Congrats to all the 2022 nominees!
When I got my degree in Theater Education, I did it for one reason: the fat stacks of Benjamins.
I am shocked-- SHOCKED!-- to hear people advocating for higher salaries for American educators. Financial success and teachers go together like polar bears and ice: they desperately need it, and it’s not like they’re running out.
Education is one of the most overpaid professions one can pursue, provided that one can see past the limitations of what we define as “wealth” and “currency.” In honor of National Teacher Appreciation Week, let's look at the reasons why.
The Time Off
While other professions clamor for just a few weeks of vacation time, teachers get the entire summer off.
Most poor fools have to gamble by choosing their own vacation blocks, but teachers get their time chosen for them in the most beautiful, hottest, most energy bill-draining months of the year.
For three months, teachers can do whatever they want: prepare their curriculum for the next year, work a second job, or go to their own versions of summer camp, called “professional development institutes” and “seminars.”
And they get paid for it! Maybe! But even if they are on a nine-month contract, they can ask for the nine months of pay to be spread out over the full year, and since nine goes into 12 one and one-third times, that means they are making 133% more… Thanks, math standards!
They (including Secretary of Education Betsy DeVos) say there is no such thing as a free lunch, but as a teacher, your total tyrannical powers over your classroom can yield as many saturated snacks as you see fit, thanks to a little word called “confiscation.”
- Somebody eating a bag of Fritos during study hall? Boom; they’re yours.
- Did a student leave an unfinished sandwich in their cubby? Bon appétit.
- The winning science fair project was a solar system made out of candy? Nobody will miss Pluto.
Enjoy these pilfered plates during your 30-minute duty free lunch break that many school districts are still fighting for.
How dare the public say that educators are in dire straits when they are getting paid money for nothing less than absolute power in their classrooms?
You can build whatever curriculum you want, provided that it meets with district/state/national standards, conforms to rigorous testing criteria, and whatever merits that current governmental institutions are trying to promote.
You can use whatever teaching style you prefer, as long it cannot possibly be interpreted as too lenient, too strict, too personal, too apathetic, too arduous, too easy, too out-of-the-box, or too by-the-book.
And you can decorate the room with any materials you want, but make sure these materials don’t reflect your personal beliefs (political, spiritual, etc.), romantic relationships (especially if they are homosexual), or obscene humor. (Who needs cutting satire when you can have Garfield denouncing Mondays?)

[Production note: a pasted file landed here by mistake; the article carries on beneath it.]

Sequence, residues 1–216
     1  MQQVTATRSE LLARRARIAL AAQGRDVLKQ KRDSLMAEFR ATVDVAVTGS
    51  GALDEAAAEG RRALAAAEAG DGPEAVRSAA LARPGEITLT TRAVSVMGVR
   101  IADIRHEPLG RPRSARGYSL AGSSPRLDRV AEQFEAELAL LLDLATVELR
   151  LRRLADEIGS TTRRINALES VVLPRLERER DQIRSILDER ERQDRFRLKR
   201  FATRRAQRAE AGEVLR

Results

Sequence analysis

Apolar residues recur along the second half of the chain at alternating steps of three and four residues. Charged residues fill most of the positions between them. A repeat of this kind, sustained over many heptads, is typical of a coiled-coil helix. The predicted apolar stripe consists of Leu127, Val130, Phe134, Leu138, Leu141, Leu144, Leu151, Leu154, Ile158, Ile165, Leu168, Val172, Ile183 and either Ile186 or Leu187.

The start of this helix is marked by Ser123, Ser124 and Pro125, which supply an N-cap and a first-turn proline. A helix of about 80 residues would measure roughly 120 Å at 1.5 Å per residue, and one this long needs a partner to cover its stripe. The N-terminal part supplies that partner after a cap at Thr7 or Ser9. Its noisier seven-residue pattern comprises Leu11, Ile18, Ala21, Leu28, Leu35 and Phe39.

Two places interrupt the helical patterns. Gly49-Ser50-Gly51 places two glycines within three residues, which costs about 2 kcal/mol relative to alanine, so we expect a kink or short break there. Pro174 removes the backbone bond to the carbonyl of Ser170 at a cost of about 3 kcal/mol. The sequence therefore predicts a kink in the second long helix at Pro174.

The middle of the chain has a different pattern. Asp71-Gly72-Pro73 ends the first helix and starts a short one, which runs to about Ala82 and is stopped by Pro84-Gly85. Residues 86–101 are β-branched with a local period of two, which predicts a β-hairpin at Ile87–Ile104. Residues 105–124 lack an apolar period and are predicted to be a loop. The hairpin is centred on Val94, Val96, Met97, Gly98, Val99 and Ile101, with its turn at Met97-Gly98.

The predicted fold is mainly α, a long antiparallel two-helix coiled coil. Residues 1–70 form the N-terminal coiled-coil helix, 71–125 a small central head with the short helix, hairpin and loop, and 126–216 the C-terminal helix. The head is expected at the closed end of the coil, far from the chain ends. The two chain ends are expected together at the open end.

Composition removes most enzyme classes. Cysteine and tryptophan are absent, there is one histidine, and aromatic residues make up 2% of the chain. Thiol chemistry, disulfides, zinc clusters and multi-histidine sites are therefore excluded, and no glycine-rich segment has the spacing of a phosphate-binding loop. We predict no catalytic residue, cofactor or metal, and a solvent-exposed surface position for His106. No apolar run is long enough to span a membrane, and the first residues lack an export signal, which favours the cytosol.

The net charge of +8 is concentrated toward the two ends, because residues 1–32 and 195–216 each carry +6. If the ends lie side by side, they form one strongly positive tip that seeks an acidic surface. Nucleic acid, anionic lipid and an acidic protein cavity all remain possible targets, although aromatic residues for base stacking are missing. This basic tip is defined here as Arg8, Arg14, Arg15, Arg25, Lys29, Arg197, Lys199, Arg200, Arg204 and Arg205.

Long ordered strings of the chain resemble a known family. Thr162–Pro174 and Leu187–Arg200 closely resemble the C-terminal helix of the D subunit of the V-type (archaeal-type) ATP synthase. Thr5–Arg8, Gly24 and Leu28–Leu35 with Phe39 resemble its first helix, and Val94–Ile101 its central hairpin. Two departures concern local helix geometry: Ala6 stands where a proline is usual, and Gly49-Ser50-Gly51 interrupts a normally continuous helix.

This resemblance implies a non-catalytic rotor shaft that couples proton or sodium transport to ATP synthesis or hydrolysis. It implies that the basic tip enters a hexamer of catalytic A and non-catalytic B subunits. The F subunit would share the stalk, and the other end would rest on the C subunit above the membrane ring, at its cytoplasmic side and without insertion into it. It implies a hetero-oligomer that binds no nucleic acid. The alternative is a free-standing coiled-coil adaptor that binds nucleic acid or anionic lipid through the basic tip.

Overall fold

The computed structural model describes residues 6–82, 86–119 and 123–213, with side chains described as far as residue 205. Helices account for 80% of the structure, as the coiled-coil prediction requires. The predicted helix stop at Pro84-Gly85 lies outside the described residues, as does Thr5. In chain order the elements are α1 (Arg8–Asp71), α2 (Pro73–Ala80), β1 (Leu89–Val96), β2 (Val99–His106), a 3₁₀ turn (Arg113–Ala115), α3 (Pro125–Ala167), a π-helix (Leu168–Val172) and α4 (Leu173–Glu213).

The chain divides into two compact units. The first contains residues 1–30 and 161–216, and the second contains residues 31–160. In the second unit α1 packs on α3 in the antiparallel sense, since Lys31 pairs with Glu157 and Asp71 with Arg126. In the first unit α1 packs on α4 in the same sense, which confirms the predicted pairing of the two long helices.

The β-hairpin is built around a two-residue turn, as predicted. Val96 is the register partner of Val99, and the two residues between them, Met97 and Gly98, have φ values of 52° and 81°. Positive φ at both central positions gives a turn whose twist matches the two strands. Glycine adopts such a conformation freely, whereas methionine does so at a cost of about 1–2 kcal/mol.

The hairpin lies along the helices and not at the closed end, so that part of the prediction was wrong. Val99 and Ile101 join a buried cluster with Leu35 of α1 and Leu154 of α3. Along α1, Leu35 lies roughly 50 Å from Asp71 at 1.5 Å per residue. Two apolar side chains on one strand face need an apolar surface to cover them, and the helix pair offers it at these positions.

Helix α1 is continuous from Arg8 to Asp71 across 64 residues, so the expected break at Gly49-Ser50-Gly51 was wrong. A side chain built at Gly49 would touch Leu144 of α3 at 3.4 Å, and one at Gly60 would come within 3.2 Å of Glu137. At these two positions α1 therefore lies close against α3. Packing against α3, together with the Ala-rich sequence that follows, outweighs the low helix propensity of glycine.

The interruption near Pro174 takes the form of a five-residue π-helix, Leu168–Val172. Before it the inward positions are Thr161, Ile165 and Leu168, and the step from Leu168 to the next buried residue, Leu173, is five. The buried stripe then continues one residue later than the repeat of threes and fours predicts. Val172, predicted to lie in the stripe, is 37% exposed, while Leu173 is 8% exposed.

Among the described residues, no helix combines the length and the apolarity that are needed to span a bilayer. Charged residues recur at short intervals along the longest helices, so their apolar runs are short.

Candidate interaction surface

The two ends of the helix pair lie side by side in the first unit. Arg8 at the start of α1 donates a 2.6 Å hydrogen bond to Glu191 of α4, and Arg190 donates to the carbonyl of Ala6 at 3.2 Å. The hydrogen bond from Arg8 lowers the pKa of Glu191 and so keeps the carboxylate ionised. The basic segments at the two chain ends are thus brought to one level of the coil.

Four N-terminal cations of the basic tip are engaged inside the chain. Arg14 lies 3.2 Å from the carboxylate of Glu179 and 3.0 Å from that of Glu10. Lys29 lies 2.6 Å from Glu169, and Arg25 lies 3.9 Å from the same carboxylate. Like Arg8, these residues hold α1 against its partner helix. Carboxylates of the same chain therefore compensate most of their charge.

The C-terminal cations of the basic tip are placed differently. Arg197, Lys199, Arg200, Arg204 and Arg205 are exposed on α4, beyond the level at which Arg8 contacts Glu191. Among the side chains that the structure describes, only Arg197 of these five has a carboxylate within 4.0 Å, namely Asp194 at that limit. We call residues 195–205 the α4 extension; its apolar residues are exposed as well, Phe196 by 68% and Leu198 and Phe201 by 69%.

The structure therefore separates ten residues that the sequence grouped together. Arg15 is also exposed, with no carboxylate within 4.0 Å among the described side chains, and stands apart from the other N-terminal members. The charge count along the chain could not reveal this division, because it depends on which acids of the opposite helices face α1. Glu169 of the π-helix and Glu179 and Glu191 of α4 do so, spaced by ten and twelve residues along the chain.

The surest sign of your absolute autonomy is that, if anything should ever go wrong with your class or one of your students, all blame will be laid directly at your feet.
If you’re a Wall Street banker, you might be eating lobster for breakfast and gold for dessert, but Leonardo DiCaprio made you guys look really mean and stupid. Meanwhile, if you’re a kind-hearted school teacher, odds are Bradley Cooper is going to fall in love with you in his new romantic comedy.
The title of “teacher” is so deified in this country that they are always first on the list of underappreciated careers. There are companies that would pay millions upon millions (that they could easily afford) for that kind of PR.
For the last 20 years, teachers have been mentioned, if not directly pandered to, in every State of the Union Address. This puts them at the same status as the Middle East.
In the end, teachers directly shape the future. There is no amount of monetary gain that could match the joy of teaching a child a lesson that they will remember just long enough to parrot back on a standardized test.
Even better, you can fully impact a student’s life! All you have to do is spend countless hours on and off the clock, provide materials and criteria that your district does not, and be ready to start over completely anew every year.
Remember, money will never equal a child’s laughter. So just skip the lessons and let your students watch cartoons. You get paid the same either way.
C.J. Tuor is a frequent contributor to The Second City Network. He is a founding member of “Hitch*Cocktails” at The Annoyance Theater and “Clued In: An Improvised Murder Mystery” at Judy’s Beat Lounge.